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Project Supply Networks (PSNs)

SERIES ARTICLE

Project Business Management

By Oliver F. Lehmann

Munich, Germany

 



In the imperfection of all human things, we see the best arrangements degenerate. Therefore,     from time to time, where necessary, the enhancing hand must be applied, so that these      institutions meet their original purpose again.   

Frederick II, King of Prussia, called “The Great”

Summary

A general tendency can be observed in project management that more work is contracted out to vendors and service providers, leading to project supply networks (PSNs), that are growing in number, size and complexity, and that are often opaque and very dynamic. The larger a PSN grows, the more project management is shoved into the background by commercial topics. Organizations on both buyer and seller side are hardly prepared for this development, and literature, instruction, and consulting are mostly blind against it. The author recommends development of a new management discipline “Project Business Manager”, who is trained to deal with the commercial aspects of project management in these networks as much as with the technical, organizational and interpersonal aspects that are the focus of pure project management.

Case Story: A Project Contractor in Crisis

Happy Mollusk IT Services, Inc. had great plans for the year 2016. The company is a regional implementation partner for business software who follows a business model to implement solutions for customers worldwide in form of customer projects, and these projects provide the income for the organization much more than the software itself, which is mostly freeware and cannot be sold with profit, but can be implemented as part of a paid customizing and consulting service.

A forecast in late 2015 showed how the organization was planning to make profit with its services: They had six projects that would provide income (margins). The sum of the margins from the projects minus the indirect general and administrative costs (G&As) to run the organization would be the raw profit (EBIT) for the organization. The plan was to have an EBIT of about 10% from the projects by the end of 2016, as is shown in Figure 1.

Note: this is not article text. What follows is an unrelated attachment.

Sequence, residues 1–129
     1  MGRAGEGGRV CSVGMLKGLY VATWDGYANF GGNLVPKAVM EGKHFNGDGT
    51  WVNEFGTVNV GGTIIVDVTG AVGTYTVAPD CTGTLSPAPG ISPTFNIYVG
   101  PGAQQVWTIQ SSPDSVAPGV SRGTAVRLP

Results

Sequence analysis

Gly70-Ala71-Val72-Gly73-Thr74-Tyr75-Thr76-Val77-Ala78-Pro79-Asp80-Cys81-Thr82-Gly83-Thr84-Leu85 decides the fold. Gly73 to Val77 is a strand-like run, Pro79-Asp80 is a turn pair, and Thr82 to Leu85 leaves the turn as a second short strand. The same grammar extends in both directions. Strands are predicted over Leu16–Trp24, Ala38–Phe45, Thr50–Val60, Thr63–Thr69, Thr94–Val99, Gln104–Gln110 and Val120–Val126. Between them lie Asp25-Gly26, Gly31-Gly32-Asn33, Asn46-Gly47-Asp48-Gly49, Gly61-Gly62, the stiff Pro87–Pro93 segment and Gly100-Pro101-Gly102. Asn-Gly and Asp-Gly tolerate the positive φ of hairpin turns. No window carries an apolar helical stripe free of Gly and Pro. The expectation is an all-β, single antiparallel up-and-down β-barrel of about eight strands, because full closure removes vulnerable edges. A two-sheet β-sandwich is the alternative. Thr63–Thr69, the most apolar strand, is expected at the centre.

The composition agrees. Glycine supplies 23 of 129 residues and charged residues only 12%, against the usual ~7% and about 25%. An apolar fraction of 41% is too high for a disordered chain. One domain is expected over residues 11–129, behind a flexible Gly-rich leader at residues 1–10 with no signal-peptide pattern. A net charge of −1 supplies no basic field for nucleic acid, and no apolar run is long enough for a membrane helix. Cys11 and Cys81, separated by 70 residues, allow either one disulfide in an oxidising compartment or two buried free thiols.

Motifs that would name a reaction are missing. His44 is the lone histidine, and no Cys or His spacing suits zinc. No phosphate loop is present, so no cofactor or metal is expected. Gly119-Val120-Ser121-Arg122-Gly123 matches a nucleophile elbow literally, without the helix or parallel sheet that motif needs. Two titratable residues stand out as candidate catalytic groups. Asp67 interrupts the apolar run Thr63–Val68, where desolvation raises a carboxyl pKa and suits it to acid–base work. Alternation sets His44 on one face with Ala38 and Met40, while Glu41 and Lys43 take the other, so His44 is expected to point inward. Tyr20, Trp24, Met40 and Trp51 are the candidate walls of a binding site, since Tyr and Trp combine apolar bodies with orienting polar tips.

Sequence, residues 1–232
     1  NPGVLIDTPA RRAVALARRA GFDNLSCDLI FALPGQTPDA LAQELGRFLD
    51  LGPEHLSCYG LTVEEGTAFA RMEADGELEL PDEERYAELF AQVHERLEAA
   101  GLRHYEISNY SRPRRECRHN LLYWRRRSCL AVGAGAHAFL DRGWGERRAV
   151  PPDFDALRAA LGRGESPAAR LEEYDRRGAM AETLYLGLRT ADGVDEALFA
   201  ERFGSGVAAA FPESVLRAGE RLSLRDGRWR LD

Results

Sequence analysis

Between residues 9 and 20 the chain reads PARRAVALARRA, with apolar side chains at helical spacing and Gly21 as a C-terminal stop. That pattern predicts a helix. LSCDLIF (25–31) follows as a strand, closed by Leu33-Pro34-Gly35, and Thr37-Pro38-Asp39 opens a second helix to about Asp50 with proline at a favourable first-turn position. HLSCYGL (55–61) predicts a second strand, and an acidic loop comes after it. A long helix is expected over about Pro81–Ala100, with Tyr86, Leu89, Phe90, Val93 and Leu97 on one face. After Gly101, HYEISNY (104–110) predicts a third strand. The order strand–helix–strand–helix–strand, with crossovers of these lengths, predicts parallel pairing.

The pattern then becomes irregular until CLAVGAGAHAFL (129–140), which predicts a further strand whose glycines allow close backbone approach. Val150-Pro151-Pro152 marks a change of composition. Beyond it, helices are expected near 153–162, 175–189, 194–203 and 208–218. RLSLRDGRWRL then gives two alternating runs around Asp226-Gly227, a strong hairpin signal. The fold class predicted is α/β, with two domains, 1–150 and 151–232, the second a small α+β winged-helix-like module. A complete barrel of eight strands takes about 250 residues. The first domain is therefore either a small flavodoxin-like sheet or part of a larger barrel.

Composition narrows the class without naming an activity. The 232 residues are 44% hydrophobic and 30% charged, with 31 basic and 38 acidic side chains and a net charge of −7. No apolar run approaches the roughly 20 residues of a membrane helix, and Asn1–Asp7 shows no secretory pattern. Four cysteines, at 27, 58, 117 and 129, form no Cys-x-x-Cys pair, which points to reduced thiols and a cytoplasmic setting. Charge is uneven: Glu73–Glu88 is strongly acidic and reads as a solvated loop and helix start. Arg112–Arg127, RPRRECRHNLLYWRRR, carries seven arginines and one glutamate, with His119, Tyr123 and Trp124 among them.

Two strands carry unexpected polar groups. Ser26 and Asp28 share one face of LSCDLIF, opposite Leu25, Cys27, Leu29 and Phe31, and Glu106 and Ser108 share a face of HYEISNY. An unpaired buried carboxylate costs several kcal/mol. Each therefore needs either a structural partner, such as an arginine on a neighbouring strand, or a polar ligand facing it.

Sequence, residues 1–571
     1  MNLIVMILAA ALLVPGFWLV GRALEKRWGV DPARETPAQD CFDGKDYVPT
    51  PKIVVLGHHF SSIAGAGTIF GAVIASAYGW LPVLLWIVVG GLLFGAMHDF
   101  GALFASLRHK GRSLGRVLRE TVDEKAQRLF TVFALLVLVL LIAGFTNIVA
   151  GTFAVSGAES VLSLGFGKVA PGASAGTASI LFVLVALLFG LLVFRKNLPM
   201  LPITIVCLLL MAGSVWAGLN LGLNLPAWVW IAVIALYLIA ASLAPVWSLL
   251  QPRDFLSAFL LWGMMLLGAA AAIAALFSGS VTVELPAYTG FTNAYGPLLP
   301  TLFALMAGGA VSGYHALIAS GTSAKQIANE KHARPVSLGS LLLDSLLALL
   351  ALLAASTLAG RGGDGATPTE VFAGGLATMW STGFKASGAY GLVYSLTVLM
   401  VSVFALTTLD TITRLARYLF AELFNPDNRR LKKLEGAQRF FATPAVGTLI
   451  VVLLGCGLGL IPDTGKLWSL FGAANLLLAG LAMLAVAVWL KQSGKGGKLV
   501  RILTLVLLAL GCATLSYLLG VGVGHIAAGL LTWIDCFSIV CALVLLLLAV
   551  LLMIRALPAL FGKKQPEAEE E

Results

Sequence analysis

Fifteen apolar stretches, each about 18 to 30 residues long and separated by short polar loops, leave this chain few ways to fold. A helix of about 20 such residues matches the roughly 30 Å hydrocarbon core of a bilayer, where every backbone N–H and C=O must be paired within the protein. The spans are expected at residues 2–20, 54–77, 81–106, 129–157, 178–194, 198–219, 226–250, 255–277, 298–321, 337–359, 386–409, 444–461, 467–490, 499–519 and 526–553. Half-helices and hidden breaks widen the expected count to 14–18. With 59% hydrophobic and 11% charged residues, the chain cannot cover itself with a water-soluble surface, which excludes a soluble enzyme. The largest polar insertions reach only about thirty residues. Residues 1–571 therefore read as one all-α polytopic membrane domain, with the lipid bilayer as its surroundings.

Figure 1: The original business forecast of Happy Mollusk’s portfolio of customer projects; amount numbers given in US-Dollars

The payments from the customer are the most typical business model of a project contractor. Over one or more customer projects, these projects must provide revenues for the organization but will also create costs. The difference between these two numbers will be the margin from each of the projects, and when the sum of the margins exceeds the G&A costs, also called indirect or overhead costs (the cost to be able to do the business), the organization can be profitable from its projects.

Over half a year later, Happy Mollusk’s management looked at the costs of the projects that have occurred so far and that were forecast for the remaining six months of the year, and found out that four of the projects were on the way to meet their forecasts, but two would exceed them. Figure 2 shows how these increased costs reduced the company’s profit from the projects:

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Editor’s note: This is the first in a series of articles by Oliver Lehmann, author of the book “Situational Project Management: The Dynamics of Success and Failure” (ISBN 9781498722612), published by Auerbach / Taylor & Francis in 2016. See full author profile below.



About the Author


Oliver F. Lehmann

Munich, Germany

 

 


Oliver F. Lehmann
, MSc., PMP, is a project management author, consultant, speaker and teacher. He studied Linguistics, Literature and History at the University of Stuttgart and Project Management at the University of Liverpool, UK, where he holds a Master of Science Degree. Oliver has trained thousands of project managers in Europe, USA and Asia in methodological project management with a focus on certification preparation. In addition, he is a visiting lecturer at the Technical University of Munich

He has been a member and volunteer at PMI, the Project Management Institute, since 1998, and serves currently as the President of the PMI Munich Chapter. Between 2004 and 2006, he contributed to PMI’s PM Network magazine, for which he provided a monthly editorial on page 1 called “Launch”, analyzing troubled projects around the world.

Oliver believes in three driving forces for personal improvement in project management: formal learning, experience and observations. He resides in Munich, Bavaria, Germany and can be contacted at oliver@oliverlehmann.com.

Oliver Lehmann is the author of the book “Situational Project Management: The Dynamics of Success and Failure” (ISBN 9781498722612), published by Auerbach / Taylor & Francis in 2016.

To see other original works by Oliver Lehmann, visit his author showcase in the PM World Library at https://pmworldlibrary.net/authors/oliver-f-lehmann/